(OpticalSocietyIndustryJanuary2020Newsletter) For all the funding to advancing quantum science and technology, funding is also necessary to assure a U.S. supply of affordable high-performance components. And the most obvious source of funding is the U.S. government, in its role both as a customer and as a market maker. This finding comes from dozens of discussions with key stakeholders in quantum technology.
A common observation from customers is that the photonics technology needed for quantum photonics is commercially available, but they want better performance and most of all, lower prices. For example, low-noise lasers at visible wavelengths are necessary to couple to cold atoms for many quantum designs. But today’s volumes are low; few companies supply to that market. Improving the performance and reducing the price requires a substantial investment, too large for the suppliers to make alone. Without co-investment from partners, the technology cannot advance.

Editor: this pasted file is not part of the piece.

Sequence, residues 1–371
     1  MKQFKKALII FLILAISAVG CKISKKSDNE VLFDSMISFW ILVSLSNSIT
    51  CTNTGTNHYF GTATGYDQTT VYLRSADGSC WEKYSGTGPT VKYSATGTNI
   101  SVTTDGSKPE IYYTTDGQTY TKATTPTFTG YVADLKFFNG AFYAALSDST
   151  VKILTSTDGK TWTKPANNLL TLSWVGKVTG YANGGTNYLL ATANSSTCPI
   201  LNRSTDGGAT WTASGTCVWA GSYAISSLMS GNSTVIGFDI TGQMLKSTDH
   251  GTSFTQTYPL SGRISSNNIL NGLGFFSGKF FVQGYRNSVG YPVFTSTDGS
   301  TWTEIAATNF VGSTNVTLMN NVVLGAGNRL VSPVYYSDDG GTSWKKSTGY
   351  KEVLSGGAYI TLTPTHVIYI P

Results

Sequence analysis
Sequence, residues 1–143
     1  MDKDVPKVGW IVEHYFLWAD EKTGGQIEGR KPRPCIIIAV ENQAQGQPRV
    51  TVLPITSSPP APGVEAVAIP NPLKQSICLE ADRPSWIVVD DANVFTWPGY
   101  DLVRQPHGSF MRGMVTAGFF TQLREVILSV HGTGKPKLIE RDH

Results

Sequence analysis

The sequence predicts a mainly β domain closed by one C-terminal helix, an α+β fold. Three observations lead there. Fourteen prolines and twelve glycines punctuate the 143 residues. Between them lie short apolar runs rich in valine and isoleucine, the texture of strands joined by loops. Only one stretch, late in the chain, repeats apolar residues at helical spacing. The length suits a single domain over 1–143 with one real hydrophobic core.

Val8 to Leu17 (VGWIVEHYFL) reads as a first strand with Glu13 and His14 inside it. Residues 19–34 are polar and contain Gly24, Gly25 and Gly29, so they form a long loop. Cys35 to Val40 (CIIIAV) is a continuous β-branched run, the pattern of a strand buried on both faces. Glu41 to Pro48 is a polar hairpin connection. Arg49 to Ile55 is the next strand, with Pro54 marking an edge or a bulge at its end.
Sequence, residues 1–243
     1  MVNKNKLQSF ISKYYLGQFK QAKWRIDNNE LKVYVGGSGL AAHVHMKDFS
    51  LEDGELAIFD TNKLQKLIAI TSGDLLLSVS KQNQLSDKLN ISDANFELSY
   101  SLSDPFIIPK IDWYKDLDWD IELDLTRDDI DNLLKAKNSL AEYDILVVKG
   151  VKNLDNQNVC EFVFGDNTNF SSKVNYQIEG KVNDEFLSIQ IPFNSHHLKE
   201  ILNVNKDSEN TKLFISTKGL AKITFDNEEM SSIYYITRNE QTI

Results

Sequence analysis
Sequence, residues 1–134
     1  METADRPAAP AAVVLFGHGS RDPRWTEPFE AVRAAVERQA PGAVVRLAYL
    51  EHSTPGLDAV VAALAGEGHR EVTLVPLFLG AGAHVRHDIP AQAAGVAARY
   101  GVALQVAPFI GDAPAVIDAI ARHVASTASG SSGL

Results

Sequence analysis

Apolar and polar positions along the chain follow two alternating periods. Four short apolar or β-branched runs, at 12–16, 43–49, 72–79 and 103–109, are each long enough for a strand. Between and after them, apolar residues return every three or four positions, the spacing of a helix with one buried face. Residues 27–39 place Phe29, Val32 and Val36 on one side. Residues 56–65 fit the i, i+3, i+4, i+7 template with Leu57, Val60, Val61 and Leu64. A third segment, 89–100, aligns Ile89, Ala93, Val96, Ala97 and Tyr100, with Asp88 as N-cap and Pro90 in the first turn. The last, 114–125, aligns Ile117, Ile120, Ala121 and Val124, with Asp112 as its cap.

Private sector customers are still in R&D mode; they are just trying to get quantum prototypes to work, at any cost. They can make decisions to enter or exit the market with responsibility only to their investors. Few to none are likely to spend heavily to develop a supply infrastructure that also benefits their competitors.
The U.S. government is different, and is the obvious choice as the investor in a quantum photonics ecosystem. It is a customer for its own security needs, but with a longer-term interest than for-profit companies. It is “too big to fail” in the sense that it cannot risk its national security and competitiveness because it neglected investment in quantum science and its ecosystem of supporting products. The government can help the private sector ecosystem and protect its own national security interests at the same time.

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